Today was a bad day
My phone battery died so I was riding blind to my hostel in Riga. I glanced up at the spiderweb of highway turns approaching and made a snap decision — left. It would prove to be a costly decision.
Wearing a thin cotton t-shirt and black jeans with sneakers, I shivered as the cold air whipped past me. The road twisted up and over a large metal bridge. The speed limit suddenly picked up to 70km and a mayhem of cars filed into my lane. Somebody cut me off then screeched to a halt, narrowly avoiding a bus.
I had intended to cruise lazily around the streets and now I was zipping over a bridge at high speeds, exposed to absolute pandemonium.
“Suddenly I hear a thud. My intuition tells me to feel behind my seat and touch my pannier. My stomach drops. It’s not there.”
The bridge was double laned in both directions, with a small ledge before the safety barricade. A steady stream of old blue buses, cars and trucks whizzed past. Horns punctured the air as it whistled past my ears.
I started to panic, and looked for a place to pull over. I slowed down and people started beeping. A man sped up next to me and pointed behind us.
My pannier had fallen off my bike at 70km an hour and in it contained half of my camera equipment. Lenses and all.
What happens when you launch a lens at 80km an hour
What I thought’d happen
I’d cruise the streets real casual like
What actually happened
I ran across a bridge suicidally amidst peak hour traffic to retrieve the shattered remains of my camera gear.
Feeling sorry for yourself does nothing
My heart was racing. Everything went all blurry. I started to cry. I started having a panic attack. A LOT of valuable things were in that pannier, and if you’ve followed my story so far you’ll know how much effort it took to get that damn pannier. I’m talking weeks of waiting and organising.
I swerved into a hasty U-turn further up, and flew back over the bridge, I couldn’t see shit because tears are streaming. My helmet’s like a fucking fish bowl. I park my bike by the side before the bridge and sprint across the narrow ledge. I look suicidal, I feel eyes burrowing into my back.
The remains of my pannier are smeared across the road. The plastic pannier itself lying pathetically in pieces, blown to shrapnel.
Vehicles whoosh over my belongings. I flag them down, attempting to slow them so I could collect my things. They didn’t.
I spotted my favourite lens and darted in-between traffic to retrieve it. The expensive glass shattered and the plastic body tortured from impact. I saw my notebook, bent and twisted, pages torn off, flapping against the bridge fence. It was then that I realised the rest of my things had exploded off the side of the bridge. There was no chance of retrieving them. I felt as shattered as my poor little lens.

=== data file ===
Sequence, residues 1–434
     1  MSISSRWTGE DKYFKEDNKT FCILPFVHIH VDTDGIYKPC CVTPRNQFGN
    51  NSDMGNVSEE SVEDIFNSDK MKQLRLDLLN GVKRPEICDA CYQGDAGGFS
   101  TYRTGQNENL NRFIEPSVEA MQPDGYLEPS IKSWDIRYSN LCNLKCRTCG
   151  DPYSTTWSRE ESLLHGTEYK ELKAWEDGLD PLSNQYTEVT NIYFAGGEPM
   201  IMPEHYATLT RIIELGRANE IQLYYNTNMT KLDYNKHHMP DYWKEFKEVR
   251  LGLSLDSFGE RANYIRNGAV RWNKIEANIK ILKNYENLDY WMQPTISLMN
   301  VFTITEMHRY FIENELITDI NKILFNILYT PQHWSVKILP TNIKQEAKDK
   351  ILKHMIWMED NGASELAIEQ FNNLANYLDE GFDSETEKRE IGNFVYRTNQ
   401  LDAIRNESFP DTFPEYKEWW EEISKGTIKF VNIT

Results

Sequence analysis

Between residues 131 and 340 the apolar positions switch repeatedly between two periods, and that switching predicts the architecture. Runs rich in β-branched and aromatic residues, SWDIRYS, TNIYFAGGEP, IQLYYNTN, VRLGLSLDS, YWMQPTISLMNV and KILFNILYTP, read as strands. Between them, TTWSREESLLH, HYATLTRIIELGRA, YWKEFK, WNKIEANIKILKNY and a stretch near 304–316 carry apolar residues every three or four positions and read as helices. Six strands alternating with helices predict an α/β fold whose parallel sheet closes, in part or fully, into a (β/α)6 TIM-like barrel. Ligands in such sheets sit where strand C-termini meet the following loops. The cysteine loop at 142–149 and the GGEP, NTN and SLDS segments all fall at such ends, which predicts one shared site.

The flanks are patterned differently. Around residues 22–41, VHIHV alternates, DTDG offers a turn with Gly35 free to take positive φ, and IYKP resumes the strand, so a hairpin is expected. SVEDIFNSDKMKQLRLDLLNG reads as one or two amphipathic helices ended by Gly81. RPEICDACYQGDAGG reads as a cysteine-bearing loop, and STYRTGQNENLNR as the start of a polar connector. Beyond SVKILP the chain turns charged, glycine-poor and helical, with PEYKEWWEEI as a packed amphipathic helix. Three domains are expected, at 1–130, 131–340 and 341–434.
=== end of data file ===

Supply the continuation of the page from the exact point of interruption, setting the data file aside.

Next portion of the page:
It was impossible to collect the other small bits and pieces so I walked back to my bike slowly, my shoulders slumped and tears gushing down my face.
I got on my bike and screamed like I have never EVER screamed before. I SCREAMED into my helmet as hard as I could. The noise stayed in my little bubble. I screamed again. Louder, harder. Shrill, shrieking.
Written at the time
It took me an extra 1-2 hours to find my way home. In fact in total it took 3 hours to get home tonight. To put this in perspective, its a 10 minute drive across town.
I finally got home 5 minutes ago, after an hour of trial and error. I’m sitting here and I feel so alone. I feel so down. Finally, something has broken me. After all of the things that have happened on this trip, this has done it.
Disappointment. There’s nothing worse.
After inspection of the pannier, it seems that the ‘special’ BMW bolt might have made its way loose and then snapped off. I guess it was going to happen at some point and I can say I’m extremely lucky it happened at a time when I didn’t have my laptop, camera and passports in there. Maybe it was a good thing after all.
But for now, I’m royally screwed as what to do next. I can’t really leave until I find a luggage solution. I guess I’ll keep you posted.
What I learned today:
- Check my motorcycle daily before riding
- Helmets are a great place to let off steam
Join the discussion 3 Comments
Having read quite a bit of your blog you have a keen interest in photography, loosing a lens in any way would have broken my heart on a trip like this one.
Out of interest, what tech equipment did you have with you? Laptop, camera, GoPro? Were you editing any of your files along the way?
I’m planning a RTW trip on my KTM 990 and as photography is very important to me, I’m considering what to take with me…
Yep I took a 15 inch mac book, GoPro, sony a7 with 3x lenses. I would highly recommend finding a way around bringing a laptop. That for me was the biggest burden and I was extremely lucky it wasn’t in one of my panniers when it broke/fell off. I’m currently trying to figure out a way around this problem, I’m thinking I could either buy a really tiny notebook computer or look at something like this: http://www.instructables.com/id/Unlimited-SD-Card-Backup-in-the-Field-Hard-Drive-H/
I was editing sometimes along the way, but if you plan on wild camping like me you can’t guarantee you’ll have enough battery on your laptop. This time around I’ll be bringing an Iphone 6+ and editing videos and images on that, then saving all my raw files for editing when I return home. If you use a phone you can simply hook it up to a USB charger on your bike and then you’ll always have battery 🙂
well, I’m planning a year long trip (maybe even longer!) so editing on the go is the only option, I think.
I’m thinking maybe a small 11” Macbook Air would do? Not sure how it would cope with video editing though.
Consider this as a backup solution: http://tech.firstpost.com/reviews/wd-my-passport-wireless-review-dedicated-sd-card-slot-makes-this-drive-enticing-for-photographers-253107.html
So when are you back in Europe? If you’re visiting London, give me a shout!